Monday, September 28, 2015

From Chaos to Christ! Part I

Let us begin with Psalm 19's declaration:

The heavens declare the glory of God;
the skies proclaim the work of his hands.
2 Day after day they pour forth speech;
night after night they reveal knowledge.
3 They have no speech, they use no words;
no sound is heard from them.
4 Yet their voice goes out into all the earth,
their words to the ends of the world.

What are the stars telling us?  They are telling us, along with all of creation, that our God is the God of order, and is actively involved in reversing what sin brought to the planet.

What is the news telling us? Disorder and chaos are everywhere. It is what it is.

Who is right? The creation or CNN? Do you fear what you see, or do you stand on what is promised?

Let's go back to being an ancient people, staring out into the world around us. Is the order that we see permanent? Subject to change? Will sooner or later disappear?

Last night, we had a harvest moon and lunar eclipse. The night before, the full moon was so bright, it lit up the night with a lovely silver light. Last night, however, it was shrouded in darkness, with a deep russet hue. It was a scary contrast from the night before. (But I am a child of the Enlightenment and science; I know why the moon did what it did.) But, thousands of years ago, I would have trembled under such a moon.

Ancient people feared chaos. To the Greeks, for example, Chaos was the first thing that existed; darkness (“Erebus”) and night (“Nyx”) came from Chaos. One philosopher claimed that chaos was a “shapeless heap” and all the elements were thrown together in a formless mass.

Why this fear of chaos? Ancient people were one harvest, one insect plague, one blight, one flood, one epidemic away from disaster from the natural world. Ancient people were one invasion, one battle, one defeat, one siege, one capture away from disaster from the human world.

In ancient times, chaos led to disorder, which led to death. Pure and simple.  This dark water is a nightmare for ancient people—if things started out that way, they can revert very easily...right?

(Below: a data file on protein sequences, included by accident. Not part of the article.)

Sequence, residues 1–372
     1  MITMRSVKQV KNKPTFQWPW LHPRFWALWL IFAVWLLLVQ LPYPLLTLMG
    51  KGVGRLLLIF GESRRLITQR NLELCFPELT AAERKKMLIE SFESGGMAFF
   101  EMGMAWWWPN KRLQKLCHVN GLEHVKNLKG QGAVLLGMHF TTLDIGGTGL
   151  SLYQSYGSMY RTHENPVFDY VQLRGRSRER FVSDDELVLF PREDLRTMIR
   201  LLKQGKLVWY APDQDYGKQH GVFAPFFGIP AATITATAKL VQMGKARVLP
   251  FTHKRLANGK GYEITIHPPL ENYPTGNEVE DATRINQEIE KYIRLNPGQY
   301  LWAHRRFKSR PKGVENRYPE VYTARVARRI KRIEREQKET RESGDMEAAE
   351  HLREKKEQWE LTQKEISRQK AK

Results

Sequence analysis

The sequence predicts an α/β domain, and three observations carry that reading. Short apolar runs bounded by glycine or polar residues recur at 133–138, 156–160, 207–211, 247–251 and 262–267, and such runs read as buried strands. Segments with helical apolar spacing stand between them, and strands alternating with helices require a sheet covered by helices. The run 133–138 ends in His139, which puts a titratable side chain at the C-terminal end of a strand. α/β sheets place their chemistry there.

Let's look at this key element, the water over which God hovers. Genesis was written by a man of the desert, Moses. It was read by a people of the desert: the children of Israel. Water to desert people (Canaan, Mesopotamia and Egypt) was a symbol of chaos as well as order. If it was controlled--irrigation--it provided a life-sustaining force. If it went out of control--flooding--it meant destruction and death.

God hovers above the water: He is above chaos; He is not in it or controlled by it. He is over it. Later on, Jesus walking on the water is no coincidence. He is walking over chaos.

What does God do? He imposes order on the chaos: "In the beginning God created the heavens and the earth. 2 Now the earth was formless and empty, darkness was over the surface of the deep, and the Spirit of God was hovering over the waters. 3 And God said, 'Let there be light,' and there was light. 4 God saw that the light was good, and he separated the light from the darkness. 5 God called the light 'day,' and the darkness he called 'night.'" God makes light triumph over the dark.

Next, "And God said, 'Let there be a vault between the waters to separate water from water.' 7 So God made the vault and separated the water under the vault from the water above it. And it was so. 8 God called the vault 'sky.'” God separates and thus controls the waters above. The sky will not fall, even in the most violent of rainstorms. Water is given a place under His hand.

Next, "And God said, 'Let the water under the sky be gathered to one place, and let dry ground appear.' And it was so. 10 God called the dry ground 'land,' and the gathered waters he called 'seas.' And God saw that it was good." God separates and thus controls the waters below. Ground is assured of not forever disappearing back under the waters.